Sainted before his time

Dissing the Famous: Fergal Keane

by Donal Kennedy

IF YOU look up Fergal Keane on the internet you'll find him garlanded with honours.

In this secular age it might be prudent to adopt an old Catholic custom whereby nobody is declared a saint until a "Devil's Advocate" has highlighted their faults, if any.

For a journalist, Keane's faults and uttered falsehoods are so crass that I believe he might be, without injustice, dubbed Fergal the Faker and Fount of Disinformation.

Some years back he called in London's Independent for a truth commission for the north of Ireland on the lines of South Africa's Truth and Reconciliation Commission.

His piece was headlined: "Ireland has paid a high price for its dishonest mythmaking."

In various broadcasts and written pieces Keane has asserted:

  • Michael Collins had attempted to sell partition to the Irish people.
  • British television began to be be received in Dublin in the late 1960s, nearly a decade after RTE's establishment in December 1961.
  • The Eucharistic Congress in Dublin was held in 1936.

In fact:

  • Collins's words, published on his death in 1922 in the collection The Path to Freedom occupy seven pages to his argument that the Partition Act of 1920 had failed.
  • From the early 1950s British television was received in Dublin. A classmate, living in Raheny stayed home to watch the Coronation in June 1953. Before the 50s were out BBC Wales, BBC Northern Ireland, Independent TV from Wales and Ulster Television reception in Dublin was excellent. In 1960, enjoying a pint in Howth's Royal Hotel, I watched a stampede of women from a Fianna Fáil Cumann meeting rush to the lounge to watch the wedding of Princess Margaret. Half of Dublin watched Sunday Night at the London Palladium and repeated its catchphrases.
  • For 1,500 good reasons the Eucharistic Congress was in 1932, as St Patrick's mission in Ireland is believed to date from 432 AD. Most Irishmen of my generation know that. Apparently Keane doesn't.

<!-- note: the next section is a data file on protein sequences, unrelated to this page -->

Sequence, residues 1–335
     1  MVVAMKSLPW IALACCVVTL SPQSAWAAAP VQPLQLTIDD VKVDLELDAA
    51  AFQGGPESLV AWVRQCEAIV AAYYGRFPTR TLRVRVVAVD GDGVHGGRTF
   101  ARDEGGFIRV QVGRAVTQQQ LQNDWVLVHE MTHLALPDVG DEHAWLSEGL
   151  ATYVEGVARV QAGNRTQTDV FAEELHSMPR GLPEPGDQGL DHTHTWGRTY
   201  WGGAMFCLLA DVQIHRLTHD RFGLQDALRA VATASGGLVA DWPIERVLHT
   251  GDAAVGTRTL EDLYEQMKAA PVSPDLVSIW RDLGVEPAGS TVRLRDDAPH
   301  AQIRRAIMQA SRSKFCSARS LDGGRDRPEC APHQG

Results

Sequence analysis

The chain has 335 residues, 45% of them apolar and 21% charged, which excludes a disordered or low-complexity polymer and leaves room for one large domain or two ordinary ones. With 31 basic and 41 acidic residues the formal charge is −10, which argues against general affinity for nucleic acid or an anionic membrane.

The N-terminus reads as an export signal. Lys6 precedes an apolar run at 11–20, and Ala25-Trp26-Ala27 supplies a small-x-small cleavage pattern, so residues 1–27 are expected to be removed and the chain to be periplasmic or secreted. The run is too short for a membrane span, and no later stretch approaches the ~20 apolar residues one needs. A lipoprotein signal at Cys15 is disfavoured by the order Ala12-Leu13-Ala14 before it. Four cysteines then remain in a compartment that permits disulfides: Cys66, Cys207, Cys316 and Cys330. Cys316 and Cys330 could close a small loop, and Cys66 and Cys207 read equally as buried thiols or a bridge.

Mr Keane expressed unhappiness in 2001 at the public ceremony honouring the Christian burial of Kevin Barry and nine other patriots who been hanged by the British in 1920 and buried in quicklime. He seemed to call for a public ceremony to honour Royal Irish Constabulary men killed by the IRA between 1919 and 1921.

In fact the RIC and other anti-democratic forces had public funerals and Christian burials shortly after their deaths. Men who didn't remove their headgear risked violence from their comrades, unshuttered shops risked being burned down.

Keane's begrudgery doesn't end there.

In another piece in the Independent he quotes the Belfast-born poet Louis MacNeice, who chided his fellow Irishmen for deluding themselves that the world cared who was the king of their castle.

The context was the rise of Hitler. MacNeice "from the vantge point of London" gazed "scornfully on Ireland".

In fact, in 1930s, the King in London was very jealous of his Irish holdings, and law made in London proclaimed his supremacy over "every person, matter and thing" in "Northern Ireland." And his military and paramilitary police and specials were there to hold it for him, and draconian laws and gerrymandered elections.

When the Irish, in 1938, became masters of Cork Harbour, Bantry Bay and Lough Swilly, it vexed Churchill mightily, and he angrily denounced British withdrawal in the Commons.

After Hitler's downfall, and when NATO was being founded in 1949, Clement Attlee noted a memo from the Cabinet secretary declaring that "for strategic reasons" "some part of Ireland" should "remain within His Majesty's Dominions."

Apparently, Churchill, Roosevelt, Truman and Attlee were mere Lilliputians who did not share the Olympian disdain of MacNeice and Fergal Keane for strategic real estate.

Mr Keane is celebrated for his travels in Africa, including South Africa. It does not occur to him that the democratisation of South Africa and progress towards democracy in the North of Ireland are as much the fruits of changed global strategic imperatives as the withdrawal of American missiles from Greenham Common.

From 1841 to 1957 Britain held a naval base in Simonstown, South Africa, and thereafter was guaranteed access to it by the apartheid regime. Before the emergence of the internet the USA had secure communications from nearby, via Ballykelly in the north of Ireland, to the USA, according to a 1970s report in The Wall Street Journal.

It would appear that Pentagon strategists and their allies were less myopic than the late Mr MacNeice and the breathing Mr Keane.

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This document was last modified by David Granville on 2009-09-08 14:14:39.
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